November 30, 2011ALTON — The Alton School Board met on Monday, Nov. 28, and spent the a good portion of the meeting going over a draft of warrant articles for next year.
The article that received the most discussion is the article involving the renovation to Alton Central School.
Superintendent Kathy Holt gave the board a number that would be presented to the voters totaling $22,917,431. This is the total number that would be bonded if the project was approved by the citizens of Alton.
The number was obtained by taking a number halfway between the low estimate, $21,085,805, and the high estimate, $26,266,337, and subtracting the projects and capital reserves that wouldn't be needed if the project was approved.
Member Sandy Wyatt suggested creating an article to allow for only the construction of the new three-story new addition.
Wyatt isn't confident that the article will pass and would like to see some improvements added to the school.
Noyes suggested talking about these issues at the next building and grounds meeting, which was held on Wednesday, Nov. 30, after press time.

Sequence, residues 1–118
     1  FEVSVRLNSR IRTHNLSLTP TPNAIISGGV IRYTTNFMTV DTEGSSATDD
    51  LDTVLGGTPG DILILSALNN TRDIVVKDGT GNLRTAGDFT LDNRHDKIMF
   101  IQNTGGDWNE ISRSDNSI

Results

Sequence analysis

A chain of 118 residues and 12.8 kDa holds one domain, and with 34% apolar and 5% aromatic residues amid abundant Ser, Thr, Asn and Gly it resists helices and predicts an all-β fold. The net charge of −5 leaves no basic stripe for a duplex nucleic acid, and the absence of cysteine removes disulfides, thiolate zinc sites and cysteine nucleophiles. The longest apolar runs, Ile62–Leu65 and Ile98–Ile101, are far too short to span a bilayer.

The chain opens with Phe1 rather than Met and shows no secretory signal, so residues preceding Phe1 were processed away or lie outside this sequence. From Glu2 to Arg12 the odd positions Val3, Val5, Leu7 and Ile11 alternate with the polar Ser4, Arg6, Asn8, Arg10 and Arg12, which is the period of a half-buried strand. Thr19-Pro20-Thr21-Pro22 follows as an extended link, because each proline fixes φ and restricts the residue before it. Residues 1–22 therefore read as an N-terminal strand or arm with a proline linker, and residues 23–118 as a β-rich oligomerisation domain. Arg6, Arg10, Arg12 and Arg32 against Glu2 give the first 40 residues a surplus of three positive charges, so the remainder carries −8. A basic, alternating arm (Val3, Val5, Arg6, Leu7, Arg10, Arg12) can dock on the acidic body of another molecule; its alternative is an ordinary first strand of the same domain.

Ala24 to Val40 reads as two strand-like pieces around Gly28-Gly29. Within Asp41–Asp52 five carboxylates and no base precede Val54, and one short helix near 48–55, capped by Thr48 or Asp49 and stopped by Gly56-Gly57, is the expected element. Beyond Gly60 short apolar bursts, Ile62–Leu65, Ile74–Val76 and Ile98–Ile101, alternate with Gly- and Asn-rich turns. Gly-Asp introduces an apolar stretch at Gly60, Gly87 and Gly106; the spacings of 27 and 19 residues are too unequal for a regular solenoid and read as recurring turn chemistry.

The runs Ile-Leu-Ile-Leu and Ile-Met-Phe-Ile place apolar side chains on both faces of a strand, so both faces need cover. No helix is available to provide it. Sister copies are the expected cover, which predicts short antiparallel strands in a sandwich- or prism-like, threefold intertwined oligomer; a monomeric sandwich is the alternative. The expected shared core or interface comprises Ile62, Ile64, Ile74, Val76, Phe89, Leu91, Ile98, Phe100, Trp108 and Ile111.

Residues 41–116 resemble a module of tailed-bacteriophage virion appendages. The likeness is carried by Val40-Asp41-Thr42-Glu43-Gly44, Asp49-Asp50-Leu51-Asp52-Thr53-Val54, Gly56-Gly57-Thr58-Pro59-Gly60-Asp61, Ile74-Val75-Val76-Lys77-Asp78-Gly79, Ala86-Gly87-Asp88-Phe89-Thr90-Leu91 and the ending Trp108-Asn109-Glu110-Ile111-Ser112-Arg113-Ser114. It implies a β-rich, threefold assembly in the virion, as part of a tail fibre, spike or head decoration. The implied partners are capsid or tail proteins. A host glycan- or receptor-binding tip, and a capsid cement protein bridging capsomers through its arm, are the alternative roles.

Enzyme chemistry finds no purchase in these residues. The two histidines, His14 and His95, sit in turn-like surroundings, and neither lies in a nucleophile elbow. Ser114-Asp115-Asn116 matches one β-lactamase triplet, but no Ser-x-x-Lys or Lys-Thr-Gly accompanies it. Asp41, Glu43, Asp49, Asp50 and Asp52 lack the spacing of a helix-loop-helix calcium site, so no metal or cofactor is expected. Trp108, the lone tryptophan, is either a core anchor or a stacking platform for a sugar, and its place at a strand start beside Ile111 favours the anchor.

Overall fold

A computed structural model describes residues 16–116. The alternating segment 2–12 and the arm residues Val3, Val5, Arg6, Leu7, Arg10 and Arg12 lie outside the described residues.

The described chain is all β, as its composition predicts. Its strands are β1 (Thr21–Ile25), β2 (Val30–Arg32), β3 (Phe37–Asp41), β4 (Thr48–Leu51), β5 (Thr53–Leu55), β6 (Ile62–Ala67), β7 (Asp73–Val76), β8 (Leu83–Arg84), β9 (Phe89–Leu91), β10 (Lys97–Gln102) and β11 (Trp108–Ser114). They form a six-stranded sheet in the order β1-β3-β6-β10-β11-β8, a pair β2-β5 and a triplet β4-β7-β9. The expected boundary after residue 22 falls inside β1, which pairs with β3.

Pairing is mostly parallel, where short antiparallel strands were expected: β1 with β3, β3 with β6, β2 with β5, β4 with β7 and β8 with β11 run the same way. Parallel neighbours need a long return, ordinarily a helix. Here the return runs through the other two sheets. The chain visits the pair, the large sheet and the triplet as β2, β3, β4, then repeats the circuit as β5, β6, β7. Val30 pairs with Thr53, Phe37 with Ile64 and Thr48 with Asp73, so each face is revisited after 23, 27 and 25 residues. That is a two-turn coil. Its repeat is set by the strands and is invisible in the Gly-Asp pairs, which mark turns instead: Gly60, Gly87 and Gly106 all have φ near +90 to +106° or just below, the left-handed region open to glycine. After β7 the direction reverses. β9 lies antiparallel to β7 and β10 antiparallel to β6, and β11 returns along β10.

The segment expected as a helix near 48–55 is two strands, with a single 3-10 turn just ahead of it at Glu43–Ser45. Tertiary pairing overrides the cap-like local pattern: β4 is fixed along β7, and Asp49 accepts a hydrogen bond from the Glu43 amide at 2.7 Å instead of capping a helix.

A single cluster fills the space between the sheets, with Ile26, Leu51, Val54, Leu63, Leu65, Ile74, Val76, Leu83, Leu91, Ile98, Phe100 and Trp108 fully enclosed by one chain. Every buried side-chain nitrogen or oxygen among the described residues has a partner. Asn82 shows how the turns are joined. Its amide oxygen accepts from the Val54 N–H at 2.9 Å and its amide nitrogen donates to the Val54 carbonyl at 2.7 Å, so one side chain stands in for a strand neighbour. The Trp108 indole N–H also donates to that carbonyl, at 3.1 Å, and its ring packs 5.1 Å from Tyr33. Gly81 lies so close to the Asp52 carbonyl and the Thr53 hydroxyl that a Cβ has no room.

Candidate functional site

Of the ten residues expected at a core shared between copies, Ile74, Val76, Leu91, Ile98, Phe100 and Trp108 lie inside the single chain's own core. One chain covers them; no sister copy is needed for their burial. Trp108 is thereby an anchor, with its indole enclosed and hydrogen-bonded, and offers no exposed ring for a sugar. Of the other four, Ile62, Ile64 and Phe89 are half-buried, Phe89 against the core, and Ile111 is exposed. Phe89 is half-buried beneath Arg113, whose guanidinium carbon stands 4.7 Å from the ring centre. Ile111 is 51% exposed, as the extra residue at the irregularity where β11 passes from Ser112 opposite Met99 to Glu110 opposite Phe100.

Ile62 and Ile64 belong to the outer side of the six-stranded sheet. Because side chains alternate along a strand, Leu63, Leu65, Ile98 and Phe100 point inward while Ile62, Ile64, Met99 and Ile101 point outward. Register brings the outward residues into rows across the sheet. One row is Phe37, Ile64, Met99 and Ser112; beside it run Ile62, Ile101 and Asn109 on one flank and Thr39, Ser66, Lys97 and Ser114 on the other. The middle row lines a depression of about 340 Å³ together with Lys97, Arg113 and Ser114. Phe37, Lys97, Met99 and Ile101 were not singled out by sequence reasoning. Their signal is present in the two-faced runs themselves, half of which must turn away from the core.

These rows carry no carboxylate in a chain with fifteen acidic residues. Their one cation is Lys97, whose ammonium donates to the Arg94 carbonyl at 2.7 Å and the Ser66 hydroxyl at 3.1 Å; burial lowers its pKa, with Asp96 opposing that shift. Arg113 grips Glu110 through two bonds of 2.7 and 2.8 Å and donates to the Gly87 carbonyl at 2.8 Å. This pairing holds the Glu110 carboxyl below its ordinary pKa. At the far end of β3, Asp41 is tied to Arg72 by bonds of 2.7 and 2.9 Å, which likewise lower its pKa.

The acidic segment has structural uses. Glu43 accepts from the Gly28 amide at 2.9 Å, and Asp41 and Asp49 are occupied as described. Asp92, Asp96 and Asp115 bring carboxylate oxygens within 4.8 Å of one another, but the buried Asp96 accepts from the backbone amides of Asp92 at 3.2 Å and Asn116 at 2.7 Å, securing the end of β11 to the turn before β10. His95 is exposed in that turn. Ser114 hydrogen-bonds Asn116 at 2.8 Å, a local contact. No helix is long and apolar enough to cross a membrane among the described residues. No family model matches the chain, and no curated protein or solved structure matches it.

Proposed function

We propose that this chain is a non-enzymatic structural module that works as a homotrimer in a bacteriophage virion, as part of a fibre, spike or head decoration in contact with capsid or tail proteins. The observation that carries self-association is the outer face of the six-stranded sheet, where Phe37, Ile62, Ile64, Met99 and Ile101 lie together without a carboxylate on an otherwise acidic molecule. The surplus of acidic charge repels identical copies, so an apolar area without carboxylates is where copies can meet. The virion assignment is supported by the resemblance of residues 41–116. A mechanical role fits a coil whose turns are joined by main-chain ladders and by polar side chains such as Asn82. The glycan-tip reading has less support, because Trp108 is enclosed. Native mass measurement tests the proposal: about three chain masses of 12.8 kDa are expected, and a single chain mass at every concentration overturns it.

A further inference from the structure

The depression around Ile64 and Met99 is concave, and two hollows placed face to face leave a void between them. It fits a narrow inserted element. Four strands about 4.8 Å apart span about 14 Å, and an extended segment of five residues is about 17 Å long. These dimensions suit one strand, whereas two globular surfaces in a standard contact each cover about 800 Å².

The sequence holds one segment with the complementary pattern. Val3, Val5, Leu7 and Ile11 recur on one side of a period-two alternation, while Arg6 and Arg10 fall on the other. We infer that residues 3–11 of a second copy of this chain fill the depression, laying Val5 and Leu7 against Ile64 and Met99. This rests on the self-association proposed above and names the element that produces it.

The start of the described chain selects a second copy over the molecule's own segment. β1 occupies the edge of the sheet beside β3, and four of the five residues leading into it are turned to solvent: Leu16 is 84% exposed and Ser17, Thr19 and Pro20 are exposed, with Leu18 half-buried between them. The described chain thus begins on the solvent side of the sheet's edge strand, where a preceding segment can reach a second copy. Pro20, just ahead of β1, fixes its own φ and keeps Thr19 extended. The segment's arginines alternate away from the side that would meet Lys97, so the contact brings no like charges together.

Holt went through the remaining warrant articles, which included: The teachers' contract at ACS, an article to allow a special meeting if the budget isn't approved, $20,000 for the closure of the underground storage tank, $45,000 to purchase a new telephone system, $60,000 for unanticipated utilities, $50,000 for geothermal energy, $150,000 to be put in an expendable trust for buildings and grounds, $135,000 for an expendable trust for the roof, $44,000 for window repairs in an expendable trust, $30,000 for a bathroom refurbishment fund, $30,000 for a capital reserve fund for the fire suppression system, $10,000 for paving of the parking lot and several items at Prospect Mountain High School; unanticipated utilities, a teachers' contract, a professional development fund and an expendable trust for building maintenance.
Several of the warrant articles will include language that will only put them into effect if the article involving the renovation to ACS fails.
The board discussed removing an article that called for $12,500 to be put into a trust to purchase a new truck in the future, but the board changed this article to call for $15,000 to purchase a used truck without a plow.
The board approved a draft form of the above articles that was being brought forward to the budget committee tonight, Thursday, Dec. 1.
The board accepted a concrete bid of $5,996 to install a new concrete pad near the back of the school by the playground.
The board approved several policies for a first reading, including an updated policy of bullying that included a new reporting form.
Holt brought forward to the board a request to transfer some students off of Bus 7 and onto Bus 5.
She explained that several students were taken off of the Bus 5 and place onto to the Bus 7 route some time ago due to overcrowding, but that there is now room on Bus 5.
The board approved the request brought forward by Holt.